India Inc, it appears, is growing impatient with the government’s economic management. Days after Bajaj Auto Chairman Rahul Bajaj slammed the government for not doing enough to boost demand and private investment in the economy, engineering major Larsen & Toubro’s chairman A.M. Naik has warned that India would be lucky to achieve even 6.5% growth in the current fiscal year; tardy project clearances and lack of reforms have dimmed hopes. He also joined a long list of experts who have raised doubts about the credibility of the Centre’s macro data on the economy. Such plainspeak is welcome. It is a corporate chief’s duty to be frank about a company’s business prospects, especially while addressing shareholders; for a conglomerate like L&T, much depends on the state of the economy.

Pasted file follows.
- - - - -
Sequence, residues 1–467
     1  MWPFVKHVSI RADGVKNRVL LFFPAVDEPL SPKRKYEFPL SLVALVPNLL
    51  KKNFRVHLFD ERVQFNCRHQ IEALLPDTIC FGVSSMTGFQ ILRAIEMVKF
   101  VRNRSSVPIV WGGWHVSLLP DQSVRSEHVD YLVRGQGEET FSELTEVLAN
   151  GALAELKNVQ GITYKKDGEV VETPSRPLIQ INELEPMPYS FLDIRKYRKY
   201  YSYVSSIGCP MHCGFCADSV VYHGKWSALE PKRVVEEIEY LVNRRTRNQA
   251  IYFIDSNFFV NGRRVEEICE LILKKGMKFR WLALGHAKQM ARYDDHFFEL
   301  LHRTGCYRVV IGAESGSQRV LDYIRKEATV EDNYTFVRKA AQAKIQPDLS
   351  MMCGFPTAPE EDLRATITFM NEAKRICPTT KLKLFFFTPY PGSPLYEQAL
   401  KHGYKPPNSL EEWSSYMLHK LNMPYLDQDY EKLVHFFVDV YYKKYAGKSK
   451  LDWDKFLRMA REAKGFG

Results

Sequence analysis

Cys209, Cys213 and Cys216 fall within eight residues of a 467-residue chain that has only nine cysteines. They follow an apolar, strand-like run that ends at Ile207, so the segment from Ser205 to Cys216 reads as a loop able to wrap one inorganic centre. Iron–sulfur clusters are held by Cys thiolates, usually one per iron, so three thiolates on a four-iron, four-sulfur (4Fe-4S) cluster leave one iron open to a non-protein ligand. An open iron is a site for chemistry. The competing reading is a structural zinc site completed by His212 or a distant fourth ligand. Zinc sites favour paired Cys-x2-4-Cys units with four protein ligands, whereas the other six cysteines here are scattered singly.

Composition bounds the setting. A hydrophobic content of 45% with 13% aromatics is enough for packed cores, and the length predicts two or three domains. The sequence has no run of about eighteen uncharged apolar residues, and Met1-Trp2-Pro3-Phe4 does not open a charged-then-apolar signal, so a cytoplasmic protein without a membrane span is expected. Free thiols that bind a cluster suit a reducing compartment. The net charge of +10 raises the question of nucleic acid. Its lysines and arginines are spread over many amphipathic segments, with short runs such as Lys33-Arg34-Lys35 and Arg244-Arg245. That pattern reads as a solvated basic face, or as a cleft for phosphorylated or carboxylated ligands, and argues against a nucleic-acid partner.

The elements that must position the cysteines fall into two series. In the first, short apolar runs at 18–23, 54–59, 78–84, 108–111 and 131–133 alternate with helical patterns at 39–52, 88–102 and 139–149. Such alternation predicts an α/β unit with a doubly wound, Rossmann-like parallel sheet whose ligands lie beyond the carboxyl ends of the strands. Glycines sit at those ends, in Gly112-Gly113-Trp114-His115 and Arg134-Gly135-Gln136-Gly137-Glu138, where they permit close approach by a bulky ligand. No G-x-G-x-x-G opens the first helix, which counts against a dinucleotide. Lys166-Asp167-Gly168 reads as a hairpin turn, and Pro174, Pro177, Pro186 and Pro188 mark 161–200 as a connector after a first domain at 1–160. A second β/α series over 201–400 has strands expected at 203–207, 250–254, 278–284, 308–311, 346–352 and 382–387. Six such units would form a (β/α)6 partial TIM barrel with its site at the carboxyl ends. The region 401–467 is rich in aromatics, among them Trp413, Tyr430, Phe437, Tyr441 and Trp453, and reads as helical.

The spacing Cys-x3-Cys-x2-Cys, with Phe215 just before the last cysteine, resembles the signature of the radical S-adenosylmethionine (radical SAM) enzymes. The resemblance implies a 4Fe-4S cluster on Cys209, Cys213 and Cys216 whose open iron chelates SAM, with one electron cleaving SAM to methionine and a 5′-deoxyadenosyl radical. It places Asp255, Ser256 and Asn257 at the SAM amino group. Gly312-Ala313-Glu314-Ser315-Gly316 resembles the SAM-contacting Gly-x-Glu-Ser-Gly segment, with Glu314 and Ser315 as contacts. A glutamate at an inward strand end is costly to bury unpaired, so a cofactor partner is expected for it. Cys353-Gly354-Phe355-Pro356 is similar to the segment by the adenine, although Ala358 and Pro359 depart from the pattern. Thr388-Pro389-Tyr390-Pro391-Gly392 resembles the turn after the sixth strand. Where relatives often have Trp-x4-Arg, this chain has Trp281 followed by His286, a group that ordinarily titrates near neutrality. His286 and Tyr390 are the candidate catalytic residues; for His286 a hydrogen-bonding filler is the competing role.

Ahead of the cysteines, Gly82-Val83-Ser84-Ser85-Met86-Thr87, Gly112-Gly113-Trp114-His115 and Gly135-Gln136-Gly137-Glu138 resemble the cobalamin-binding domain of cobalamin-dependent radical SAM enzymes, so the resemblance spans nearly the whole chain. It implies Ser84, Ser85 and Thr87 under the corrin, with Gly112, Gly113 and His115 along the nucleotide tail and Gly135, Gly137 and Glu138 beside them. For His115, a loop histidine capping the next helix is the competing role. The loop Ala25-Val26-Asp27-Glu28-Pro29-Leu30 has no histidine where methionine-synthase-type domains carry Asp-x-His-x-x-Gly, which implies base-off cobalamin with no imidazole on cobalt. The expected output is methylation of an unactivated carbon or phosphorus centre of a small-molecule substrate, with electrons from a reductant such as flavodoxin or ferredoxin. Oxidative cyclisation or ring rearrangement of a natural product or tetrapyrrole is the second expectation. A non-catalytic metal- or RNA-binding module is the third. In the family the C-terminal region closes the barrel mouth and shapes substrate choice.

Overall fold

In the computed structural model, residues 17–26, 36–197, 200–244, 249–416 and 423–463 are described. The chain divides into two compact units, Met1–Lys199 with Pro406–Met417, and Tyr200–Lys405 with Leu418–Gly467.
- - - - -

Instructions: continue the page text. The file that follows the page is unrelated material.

Many analysts believe that the Indian economy took a turn for the worse in late 2016, after the government demonetized high-value currency notes overnight, crimping demand and paralyzing much economic activity, especially in the cash-dependent informal sector. The disruption stalled a recovery from the pre-2017 phase of growth constraints imposed by a combination of over-indebtedness and sluggish investment, among other factors. The central bank’s relatively tight money policy may have also added to the woes.
While low inflation of the past few years has been attributed to sound monetary policy, it is also a reflection of a demand slump that isn’t much of a surprise, given that India’s savings rate has stayed far below its peak, private investment has failed to pick up, and public spending has been unable to stir up sufficient commercial activity. Today, it is clear that the government needs to think beyond the usual toolbox. Neither an interest rate cut nor a fiscal expansion is likely to do what’s needed. Structural drags have kept higher growth out of reach, and it is these that need to be addressed.